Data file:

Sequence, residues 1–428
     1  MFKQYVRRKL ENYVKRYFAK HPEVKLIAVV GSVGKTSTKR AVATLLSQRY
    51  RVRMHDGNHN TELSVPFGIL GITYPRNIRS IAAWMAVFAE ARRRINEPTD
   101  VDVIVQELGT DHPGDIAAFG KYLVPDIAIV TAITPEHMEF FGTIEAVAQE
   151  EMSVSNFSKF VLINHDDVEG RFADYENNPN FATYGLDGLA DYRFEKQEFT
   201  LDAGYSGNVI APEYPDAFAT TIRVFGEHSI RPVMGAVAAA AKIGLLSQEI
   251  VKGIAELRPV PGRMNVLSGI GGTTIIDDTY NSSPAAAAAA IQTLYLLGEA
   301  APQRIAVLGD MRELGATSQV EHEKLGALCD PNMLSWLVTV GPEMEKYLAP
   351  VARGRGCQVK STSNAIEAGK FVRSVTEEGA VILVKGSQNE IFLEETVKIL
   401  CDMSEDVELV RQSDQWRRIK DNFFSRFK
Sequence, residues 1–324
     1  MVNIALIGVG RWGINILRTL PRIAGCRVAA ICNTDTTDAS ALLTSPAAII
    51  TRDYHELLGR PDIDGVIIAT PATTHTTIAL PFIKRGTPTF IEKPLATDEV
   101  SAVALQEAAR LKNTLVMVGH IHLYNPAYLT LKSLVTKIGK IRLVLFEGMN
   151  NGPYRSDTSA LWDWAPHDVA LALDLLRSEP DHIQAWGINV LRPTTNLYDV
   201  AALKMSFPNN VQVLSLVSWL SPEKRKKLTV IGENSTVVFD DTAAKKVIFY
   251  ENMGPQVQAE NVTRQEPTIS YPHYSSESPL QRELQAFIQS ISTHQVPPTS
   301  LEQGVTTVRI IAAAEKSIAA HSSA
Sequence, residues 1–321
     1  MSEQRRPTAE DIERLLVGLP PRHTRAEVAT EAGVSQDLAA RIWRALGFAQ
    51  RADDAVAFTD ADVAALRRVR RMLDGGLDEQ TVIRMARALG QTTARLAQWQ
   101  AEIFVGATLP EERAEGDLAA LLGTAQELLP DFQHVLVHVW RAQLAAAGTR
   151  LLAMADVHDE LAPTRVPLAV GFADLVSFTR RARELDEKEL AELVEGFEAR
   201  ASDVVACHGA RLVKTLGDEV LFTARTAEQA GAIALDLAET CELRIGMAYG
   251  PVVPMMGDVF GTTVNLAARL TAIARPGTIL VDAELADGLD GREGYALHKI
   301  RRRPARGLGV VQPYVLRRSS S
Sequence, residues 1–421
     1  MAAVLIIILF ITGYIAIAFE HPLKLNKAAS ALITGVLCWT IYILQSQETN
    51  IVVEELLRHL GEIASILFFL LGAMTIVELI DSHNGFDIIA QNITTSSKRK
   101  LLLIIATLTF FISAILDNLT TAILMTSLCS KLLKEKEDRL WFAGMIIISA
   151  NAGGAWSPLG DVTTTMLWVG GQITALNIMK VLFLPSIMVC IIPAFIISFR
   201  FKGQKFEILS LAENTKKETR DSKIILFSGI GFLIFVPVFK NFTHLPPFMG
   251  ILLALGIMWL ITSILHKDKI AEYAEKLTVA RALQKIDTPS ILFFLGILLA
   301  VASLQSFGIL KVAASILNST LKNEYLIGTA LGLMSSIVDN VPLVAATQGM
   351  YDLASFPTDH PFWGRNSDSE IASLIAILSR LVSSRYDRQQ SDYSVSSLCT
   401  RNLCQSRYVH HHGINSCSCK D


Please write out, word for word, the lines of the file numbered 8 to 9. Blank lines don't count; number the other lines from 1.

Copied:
   301  APQRIAVLGD MRELGATSQV EHEKLGALCD PNMLSWLVTV GPEMEKYLAP
   351  VARGRGCQVK STSNAIEAGK FVRSVTEEGA VILVKGSQNE IFLEETVKIL